Industrial economy, "real economy" has "gone into reverse". It is not just growing more slowly. It has begun contracting, despite infusion of debt-money, which is promises made on future economic production. Future economic production is estimated to keep growing at 3.5% per year after it gets past the current bad patches of COVID-pandemic and War-in-Ukraine, but that 3.5% growth is already a false assessment. For the decade of 2009-2019 it was more like 1.3%, or even less, based on "prosperity" growth, real-economic growth. That lagged behind population growth in most places, though Chinese prosperity did advance per capita. Prosperity per capita has been in a 20 year decline in places like the US and UK. My personal assessment is that peak industrial economy occurred around Summer 2018. This article shows a carbon-emission peak around early 2019. 

  The banking repo-crisis in September 2019 reflected the inability of the biggest banks in the world to trust each other on overnight loans with US-Treasury debt as collateral, a systemic failure. The Fed stepped in to take on this function, pumping an estimated $2 trillion of promises of future wealth into the financial system before the end of 2019, as preparations for COVID-pandemic and financial direct-infusions to banking were both worked out in meetings in mid October 2019, on the same dates in New York, and the Wuhan (military olympic) Games were commencing.
  Through a thermoeconomics lens of real-economic contraction, which cannot be honestly reconciled with perpetual-growth economic theory, these events suggest narratives for crisis-management, while keeping the broken model of perpetual growth economy.  Fiat-money promises future wealth for financial investment today, but those promises cannot be kept in real terms. The divergence can be seen in these graphs:

  "Discretionary spending" is what is left over after essentials are purchased. This includes investments. As real prosperity contracts, especially per capita, discretionary spending falls fastest, since we all must buy food, fuel and housing first. We can see that all of the graphs that diverge from the blue of "prosperity" will have to collapse to meet that reality. GDP can be modified back to something more like GNP (better yet, with parasitic draws subtracted). Debt is something on the order of 10X real-economy, and real-economy is projected to keep contracting going forward, so this debt cannot even be "serviced" at some point in the near future. Interest rates are rising to defend the status of the $US currency, the basis of the western financial system, but that will cause massive defaults in debts. Pensions, to the degree that they are funded, are mostly funded through financial assets, stocks and bonds, which have been bid-up since 2009 in the "everything bubble", where "the Fed had your back". During the years of 2019 through to the present, there has been a further massive loss of ownership in the economy, except at the bllionaire level, where massive acquisition of productive assets has taken place. This has been the biggest wealth transfer ever, to the richest few elites, and coming before what must be the biggest financial crash ever, if financial reckoning is to approach reality, which it must.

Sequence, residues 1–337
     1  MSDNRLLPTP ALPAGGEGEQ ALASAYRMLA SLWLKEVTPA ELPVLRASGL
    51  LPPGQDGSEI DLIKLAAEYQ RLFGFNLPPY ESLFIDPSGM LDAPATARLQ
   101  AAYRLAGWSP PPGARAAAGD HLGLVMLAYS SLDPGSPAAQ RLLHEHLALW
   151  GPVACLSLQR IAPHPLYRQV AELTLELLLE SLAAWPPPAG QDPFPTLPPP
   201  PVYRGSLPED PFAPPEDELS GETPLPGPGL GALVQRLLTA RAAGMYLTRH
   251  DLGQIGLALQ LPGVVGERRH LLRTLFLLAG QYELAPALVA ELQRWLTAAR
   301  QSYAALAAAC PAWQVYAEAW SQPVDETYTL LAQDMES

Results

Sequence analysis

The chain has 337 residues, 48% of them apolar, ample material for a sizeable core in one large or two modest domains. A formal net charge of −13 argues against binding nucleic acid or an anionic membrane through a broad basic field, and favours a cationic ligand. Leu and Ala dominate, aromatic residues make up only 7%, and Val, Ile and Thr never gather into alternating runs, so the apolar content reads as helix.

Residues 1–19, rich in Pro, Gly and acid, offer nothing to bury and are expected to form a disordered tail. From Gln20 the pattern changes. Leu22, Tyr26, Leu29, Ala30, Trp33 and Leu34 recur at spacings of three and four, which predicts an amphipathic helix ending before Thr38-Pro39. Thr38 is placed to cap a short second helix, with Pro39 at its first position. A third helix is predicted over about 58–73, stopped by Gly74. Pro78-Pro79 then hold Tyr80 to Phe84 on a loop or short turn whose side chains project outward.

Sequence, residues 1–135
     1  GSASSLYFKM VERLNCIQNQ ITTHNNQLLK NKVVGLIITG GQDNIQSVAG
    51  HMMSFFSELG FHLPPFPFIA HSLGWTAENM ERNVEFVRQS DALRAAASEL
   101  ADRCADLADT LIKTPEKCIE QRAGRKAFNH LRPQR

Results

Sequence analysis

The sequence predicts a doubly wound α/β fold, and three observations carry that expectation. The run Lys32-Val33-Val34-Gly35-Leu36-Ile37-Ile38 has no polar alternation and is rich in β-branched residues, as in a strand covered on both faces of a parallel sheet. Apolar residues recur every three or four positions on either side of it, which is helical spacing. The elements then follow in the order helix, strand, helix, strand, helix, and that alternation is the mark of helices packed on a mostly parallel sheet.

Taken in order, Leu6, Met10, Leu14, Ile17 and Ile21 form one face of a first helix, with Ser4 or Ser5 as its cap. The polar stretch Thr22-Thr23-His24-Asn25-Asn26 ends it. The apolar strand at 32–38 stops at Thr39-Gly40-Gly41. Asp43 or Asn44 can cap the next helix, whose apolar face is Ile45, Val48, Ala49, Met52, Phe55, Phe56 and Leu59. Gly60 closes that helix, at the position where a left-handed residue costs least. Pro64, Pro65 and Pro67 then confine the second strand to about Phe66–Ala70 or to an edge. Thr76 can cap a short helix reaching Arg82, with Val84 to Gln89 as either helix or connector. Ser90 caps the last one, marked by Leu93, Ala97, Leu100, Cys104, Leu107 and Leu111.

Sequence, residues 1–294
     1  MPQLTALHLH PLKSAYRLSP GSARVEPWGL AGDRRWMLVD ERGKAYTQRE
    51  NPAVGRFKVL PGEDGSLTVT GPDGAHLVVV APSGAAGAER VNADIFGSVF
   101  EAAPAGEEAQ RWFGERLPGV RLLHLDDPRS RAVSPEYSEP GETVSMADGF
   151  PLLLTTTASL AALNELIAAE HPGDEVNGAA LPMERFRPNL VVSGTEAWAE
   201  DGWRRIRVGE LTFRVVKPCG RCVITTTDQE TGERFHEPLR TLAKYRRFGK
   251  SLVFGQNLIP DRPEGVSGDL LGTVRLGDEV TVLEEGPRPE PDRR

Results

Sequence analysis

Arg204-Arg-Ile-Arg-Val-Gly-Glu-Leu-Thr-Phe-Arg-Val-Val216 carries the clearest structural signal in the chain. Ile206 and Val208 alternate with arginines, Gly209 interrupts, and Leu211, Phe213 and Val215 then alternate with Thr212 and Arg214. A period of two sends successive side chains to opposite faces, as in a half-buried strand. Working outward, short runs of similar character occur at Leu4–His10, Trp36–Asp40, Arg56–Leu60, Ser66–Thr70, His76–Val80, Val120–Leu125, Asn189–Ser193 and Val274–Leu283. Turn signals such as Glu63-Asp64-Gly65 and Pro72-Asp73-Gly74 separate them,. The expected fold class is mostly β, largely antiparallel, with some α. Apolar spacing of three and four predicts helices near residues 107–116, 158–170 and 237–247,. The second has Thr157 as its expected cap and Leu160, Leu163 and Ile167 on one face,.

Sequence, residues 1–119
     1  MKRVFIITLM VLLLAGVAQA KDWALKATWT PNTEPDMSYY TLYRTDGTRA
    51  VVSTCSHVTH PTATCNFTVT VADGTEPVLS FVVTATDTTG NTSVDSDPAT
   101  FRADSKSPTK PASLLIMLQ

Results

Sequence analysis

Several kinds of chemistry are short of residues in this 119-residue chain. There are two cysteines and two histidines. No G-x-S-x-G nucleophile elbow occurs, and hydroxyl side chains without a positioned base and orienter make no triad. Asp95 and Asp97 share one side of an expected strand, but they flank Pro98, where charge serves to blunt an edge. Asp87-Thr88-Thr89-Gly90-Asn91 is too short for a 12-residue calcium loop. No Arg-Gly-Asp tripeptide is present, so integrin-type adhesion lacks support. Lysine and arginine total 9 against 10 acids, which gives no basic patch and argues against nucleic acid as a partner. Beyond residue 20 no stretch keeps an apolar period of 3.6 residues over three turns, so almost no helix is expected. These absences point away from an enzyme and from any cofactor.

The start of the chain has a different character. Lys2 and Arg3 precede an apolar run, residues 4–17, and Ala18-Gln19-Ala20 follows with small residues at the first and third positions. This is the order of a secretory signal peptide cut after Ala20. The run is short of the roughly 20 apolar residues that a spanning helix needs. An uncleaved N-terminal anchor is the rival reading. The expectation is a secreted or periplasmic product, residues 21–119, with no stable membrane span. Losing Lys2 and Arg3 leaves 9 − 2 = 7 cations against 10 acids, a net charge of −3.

The rest of the world has long undergone resource-extraction by the $US, trading real economic outputs for "printed" dollars, which they then spend on other real economic output, as the value of those dollars slowly fades away. The $US is a faith-based currency, based upon faith that $US will still buy things in 5-10 years, with a certain, mild lossiness (2% inflation "target"). Faith in the $US is more important for the owner class than continuing the current Ponzi scheme, so $US value must be supported first. For $US instruments and debts to approach reality, the losses of asset-value will be most readily accomplished through a stock-market crash and bond crash. It looks like 90% is the right order of magnitude. Commercial debt will also default, and consumers will default on much of their debt. Countries that don't print their own currencies will default. Pensions will be unfunded, and this will be addressed in the context of falling real economy, which makes pensions seem unrealistic.

  The financialized west has the biggest problem here, since the postwar social contract has been based upon retirement security. The easiest thing for the financiers would be if most people would die before collecting their pensions. This has been brought up in the context of COVID-19, and of COVID-vaccine-products increasing mortality and appearing to progressively weaken immune systems against other infections and cancer-surveillance, destroying newly-mutated pre-cancerous cells before they grow into cancers. Famine is being staged throughout the world now, as is a war which is really between the 2 most nuclear-armed militaries in the world, with Ukraine as a proxy for the US/NATO.